Klíčová slova:

Caffeine – Fatigue – Human performance – Ingestion – Material fatigue – Myalgia – Running – Strength training


1. Cook CJ, Beaven CM, Kilduff LP. Three weeks of eccentric training combined with overspeed exercises enhances power and running speed performance gains in trained athletes. J Strength Cond Res. 2013;27: 1280–1286. doi: 10.1519/JSC.0b013e3182679278 22820207

2. Enoka RM. Eccentric contractions require unique activation strategies by the nervous system. J Appl Physiol. 1996;81: 2339–2346. doi: 10.1152/jappl.1996.81.6.2339 9018476

3. Stauber WT. Eccentric Action of Muscles: Physiology, Injury, and Adaptation. Exerc Sport Sci Rev. 1989;17: 157–86. doi: 10.1249/00003677-198900170-00008 2676546

4. Prasartwuth O, Taylor JL, Gandevia SC. Maximal force, voluntary activation and muscle soreness after eccentric damage to human elbow flexor muscles. J Physiol. 2005;567: 337–348. doi: 10.1113/jphysiol.2005.087767 15946963

5. Goodall S, Thomas K, Barwood M, Keane K, Gonzalez JT, St Clair Gibson A, et al. Neuromuscular changes and the rapid adaptation following a bout of damaging eccentric exercise. Acta Physiol. 2017;220: 486–500. doi: 10.1111/apha.12844 27981782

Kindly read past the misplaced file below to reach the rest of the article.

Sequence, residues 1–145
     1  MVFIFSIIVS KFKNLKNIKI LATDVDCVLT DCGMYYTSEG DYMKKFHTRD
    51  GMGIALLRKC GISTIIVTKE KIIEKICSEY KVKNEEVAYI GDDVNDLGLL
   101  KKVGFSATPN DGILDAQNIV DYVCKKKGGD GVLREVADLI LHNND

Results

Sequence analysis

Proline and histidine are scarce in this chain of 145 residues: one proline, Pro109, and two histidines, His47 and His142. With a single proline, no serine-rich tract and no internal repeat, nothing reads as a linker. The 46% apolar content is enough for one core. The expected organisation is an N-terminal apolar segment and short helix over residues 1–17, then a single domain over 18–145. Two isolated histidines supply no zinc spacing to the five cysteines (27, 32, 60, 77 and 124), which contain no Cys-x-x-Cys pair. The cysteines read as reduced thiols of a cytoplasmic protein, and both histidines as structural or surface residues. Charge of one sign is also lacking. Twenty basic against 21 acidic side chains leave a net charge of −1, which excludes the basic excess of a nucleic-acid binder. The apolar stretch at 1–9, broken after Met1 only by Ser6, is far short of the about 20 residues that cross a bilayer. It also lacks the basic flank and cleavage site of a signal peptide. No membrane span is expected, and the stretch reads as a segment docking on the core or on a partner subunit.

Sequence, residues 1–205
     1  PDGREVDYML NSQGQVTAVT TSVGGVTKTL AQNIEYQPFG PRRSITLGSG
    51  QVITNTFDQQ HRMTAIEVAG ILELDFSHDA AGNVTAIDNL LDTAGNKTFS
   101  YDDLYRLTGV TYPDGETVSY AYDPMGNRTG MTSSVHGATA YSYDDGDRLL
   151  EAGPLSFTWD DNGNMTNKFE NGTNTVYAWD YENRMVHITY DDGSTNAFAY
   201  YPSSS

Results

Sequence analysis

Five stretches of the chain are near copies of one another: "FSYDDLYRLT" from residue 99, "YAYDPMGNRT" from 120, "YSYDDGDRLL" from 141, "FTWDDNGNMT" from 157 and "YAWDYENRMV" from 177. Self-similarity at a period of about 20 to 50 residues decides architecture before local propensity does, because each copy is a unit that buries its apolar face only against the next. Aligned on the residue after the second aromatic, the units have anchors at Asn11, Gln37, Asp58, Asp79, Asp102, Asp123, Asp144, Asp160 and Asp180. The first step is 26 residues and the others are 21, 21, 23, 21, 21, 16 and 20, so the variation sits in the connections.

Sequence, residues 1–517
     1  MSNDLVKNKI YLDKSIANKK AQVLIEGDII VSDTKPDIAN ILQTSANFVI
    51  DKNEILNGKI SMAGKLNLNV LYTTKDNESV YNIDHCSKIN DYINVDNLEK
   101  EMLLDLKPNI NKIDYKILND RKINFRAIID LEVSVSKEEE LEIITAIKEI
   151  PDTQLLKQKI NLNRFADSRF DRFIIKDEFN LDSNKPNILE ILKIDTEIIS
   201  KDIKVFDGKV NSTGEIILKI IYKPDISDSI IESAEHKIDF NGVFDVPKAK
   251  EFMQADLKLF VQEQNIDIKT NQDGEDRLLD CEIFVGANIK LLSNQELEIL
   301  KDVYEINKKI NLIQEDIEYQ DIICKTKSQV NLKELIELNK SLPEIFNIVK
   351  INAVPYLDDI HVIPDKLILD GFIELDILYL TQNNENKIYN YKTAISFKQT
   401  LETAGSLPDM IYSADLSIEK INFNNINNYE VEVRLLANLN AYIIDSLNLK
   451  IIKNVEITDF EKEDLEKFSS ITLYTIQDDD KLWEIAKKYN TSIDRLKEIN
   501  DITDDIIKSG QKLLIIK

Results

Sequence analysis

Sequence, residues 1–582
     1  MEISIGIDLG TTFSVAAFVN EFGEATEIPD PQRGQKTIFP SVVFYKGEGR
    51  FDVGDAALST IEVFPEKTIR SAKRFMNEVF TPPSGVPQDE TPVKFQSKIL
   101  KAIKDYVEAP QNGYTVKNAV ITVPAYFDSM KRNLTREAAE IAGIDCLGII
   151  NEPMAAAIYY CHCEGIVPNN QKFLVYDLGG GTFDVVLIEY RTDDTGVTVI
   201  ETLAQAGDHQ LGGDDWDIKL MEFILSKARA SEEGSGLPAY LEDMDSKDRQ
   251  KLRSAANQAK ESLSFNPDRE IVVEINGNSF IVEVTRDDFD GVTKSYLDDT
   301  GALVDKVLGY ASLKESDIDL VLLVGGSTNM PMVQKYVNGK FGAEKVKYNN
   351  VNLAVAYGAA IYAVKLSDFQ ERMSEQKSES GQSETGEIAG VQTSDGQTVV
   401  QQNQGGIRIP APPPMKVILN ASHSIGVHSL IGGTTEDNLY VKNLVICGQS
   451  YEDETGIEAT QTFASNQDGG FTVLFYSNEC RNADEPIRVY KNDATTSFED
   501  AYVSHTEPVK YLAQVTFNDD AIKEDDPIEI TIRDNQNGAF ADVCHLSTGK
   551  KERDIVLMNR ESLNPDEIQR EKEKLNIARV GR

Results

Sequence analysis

6. Endoh T, Nakajima T, Sakamoto M, Komiyama T. Effects of muscle damage induced by eccentric exercise on muscle fatigue. Med Sci Sport Exerc. 2005;37: 1151–1156. doi: 10.1249/01.mss.0000170098.26968.eb 16015132

7. Skurvydas A, Mamkus G, Kamandulis S, Dudoniene V, Valanciene D, Westerblad H. Mechanisms of force depression caused by different types of physical exercise studied by direct electrical stimulation of human quadriceps muscle. Eur J Appl Physiol. 2016;116: 2215–2224. doi: 10.1007/s00421-016-3473-0 27637589

8. Thomas K, Brownstein CG, Dent J, Parker P, Goodall S, Howatson G. Neuromuscular Fatigue and Recovery after Heavy Resistance, Jump, and Sprint Training. Med Sci Sport Exerc. 2018;50: 2526–2535. doi: 10.1249/MSS.0000000000001733 30067591

9. Cook Dane B, O´Connor Patrick J, Eubanks Steven A, Smith Jerome C, Lee M. Naturally occurring muscle pain during exercise : assessment and experimental evidence. Med Sci Sport Exerc. 1997;29: 999–1012.

10. Racinais S, Bringard A, Puchaux K, Noakes TD, Perrey S. Modulation in voluntary neural drive in relation to muscle soreness. Eur J Appl Physiol. 2008;102: 439–446. doi: 10.1007/s00421-007-0604-7 17978834

11. Rattray B, Christos A, Kristy M, Joseph N, Matthew D. Is it time to turn our attention toward central mechanisms for post-exertional recovery strategies and performance? Front Physiol. 2015;6. doi: 10.3389/fphys.2015.00079 25852568